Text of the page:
Near the end of The Gatekeepers, filmmaker Dror Moreh's merciless, walloping documentary about the history of Shin Bet, Israel's secretive internal intelligence agency, one subject implies that the entire Israeli occupation — his word — of the West Bank and Gaza, since the Six Day War in 1967, has been a mistake. Another subject says of Israeli policy, "We are making the lives of millions unbearable." A third likens the Israeli army to "a brutal occupation force."
These opinions would not be startling if they came from dissident critics, non-Israeli academics, or pro-Palestinian activists commenting on the situation. Instead, each and every one comes from a former head of Shin Bet.
Moreh's film has only six subjects, each a former Shin Bet leader, each a man once charged with his country's intelligence and security. These men — Avraham Shalom (1980-1986), Yaakov Peri (1988-1994), Carmi Gillon (1994-1996), Ami Ayalon (1996-2000), Avi Dichter (2000-2005), and Yuval Diskin (2005-2011) — have, according to an opening claim, never before spoken publicly about their work. They do so now out of what appears to be a sense of frustration, bordering on hopelessness, about where politicians have taken their country.
Watching the film from an American perspective, you're struck that all of these men would be deemed too "anti-Israel" for Senate confirmation in the United States.
One, remembering raids on Palestinian homes and the tears of mothers when their sons are taken away, muses, "When you retire, you become a bit of a leftist." Another asserts, in the face of the cycle of violence and the difficulty of a two-state solution, that "the future is bleak. It's dark."
Moreh keeps what is essentially a talking-head documentary taut with sharp, judicious use of archival footage, reenactments, and other visual materials. And, for those not well-steeped in this history, the film offers a primer on the history of the Israeli-Palestinian conflict since 1967.
We see the rise of terrorism and the emergence of the PLO after the Six Day War; the war in Lebanon in 1982; intense footage of the first and second intifadas (Palestinian uprisings); the peace talks that led to the Oslo Accords, which fed growing violence on the Jewish right, leading to the assassination of Prime Minister Yitzhak Rabin; and further radicalization via the rise of Hamas.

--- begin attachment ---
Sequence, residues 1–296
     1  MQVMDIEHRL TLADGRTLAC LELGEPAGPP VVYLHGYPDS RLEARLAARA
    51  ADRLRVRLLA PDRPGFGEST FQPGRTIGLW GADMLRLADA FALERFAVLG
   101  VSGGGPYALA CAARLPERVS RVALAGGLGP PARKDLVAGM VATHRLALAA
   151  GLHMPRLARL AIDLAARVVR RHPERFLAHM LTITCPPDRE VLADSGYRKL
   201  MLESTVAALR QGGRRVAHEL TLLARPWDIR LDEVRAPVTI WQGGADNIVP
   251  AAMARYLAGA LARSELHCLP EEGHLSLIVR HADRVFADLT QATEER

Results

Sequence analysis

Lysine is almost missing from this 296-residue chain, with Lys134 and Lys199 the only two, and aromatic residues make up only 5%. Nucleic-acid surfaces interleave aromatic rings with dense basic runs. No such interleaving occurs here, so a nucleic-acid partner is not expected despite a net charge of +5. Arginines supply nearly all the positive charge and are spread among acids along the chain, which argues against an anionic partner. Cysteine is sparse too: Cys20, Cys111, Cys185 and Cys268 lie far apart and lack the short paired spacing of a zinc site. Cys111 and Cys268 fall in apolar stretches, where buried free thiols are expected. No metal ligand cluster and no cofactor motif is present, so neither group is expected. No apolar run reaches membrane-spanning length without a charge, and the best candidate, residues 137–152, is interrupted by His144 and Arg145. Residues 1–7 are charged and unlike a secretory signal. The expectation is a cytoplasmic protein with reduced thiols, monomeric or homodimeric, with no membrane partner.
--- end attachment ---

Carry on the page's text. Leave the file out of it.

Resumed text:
The former Shin Bet leaders are understandably cagey about their own role in potential misdeeds, including the "Bus 300 incident," in which Shin Bet killed two Palestinian hijackers who were in custody. Shalom, who was head of the agency at the time, deflects implications of having a personal role in the incident but coldly dismisses the idea of "morality" when dealing with terrorists. Others struggle more publicly with their roles, such as the assassination of a Hamas leader in which a one-ton bomb was dropped on his urban dwelling, killing several innocents in the process.
The Gatekeepers was nominated for an Academy Award for Best Documentary Feature but lost out to Searching for Sugar Man, an outcome that belongs on the lengthy list of Oscar mistakes. It's an unavoidable companion piece to the similarly underrecognized Zero Dark Thirty but also belongs in the company of such modern-classic docs as Errol Morris' The Fog of War (about former U.S. Defense Secretary Robert McNamara) and Charles Ferguson's No End in Sight (about the mismanagement of the Iraq war).
You may or may not agree with the film's implied conclusions — about a two-state solution, about the misguidedness of Israeli policy — but the strength and particularly the source of the film's critiques are startling.
"The tragedy of Israel's public security debate," says one man once charged with ensuring Israel's public security, "is that we don't realize that we face a frustrating situation in which we win every battle, but we lose the war."
Opening Friday, April 5th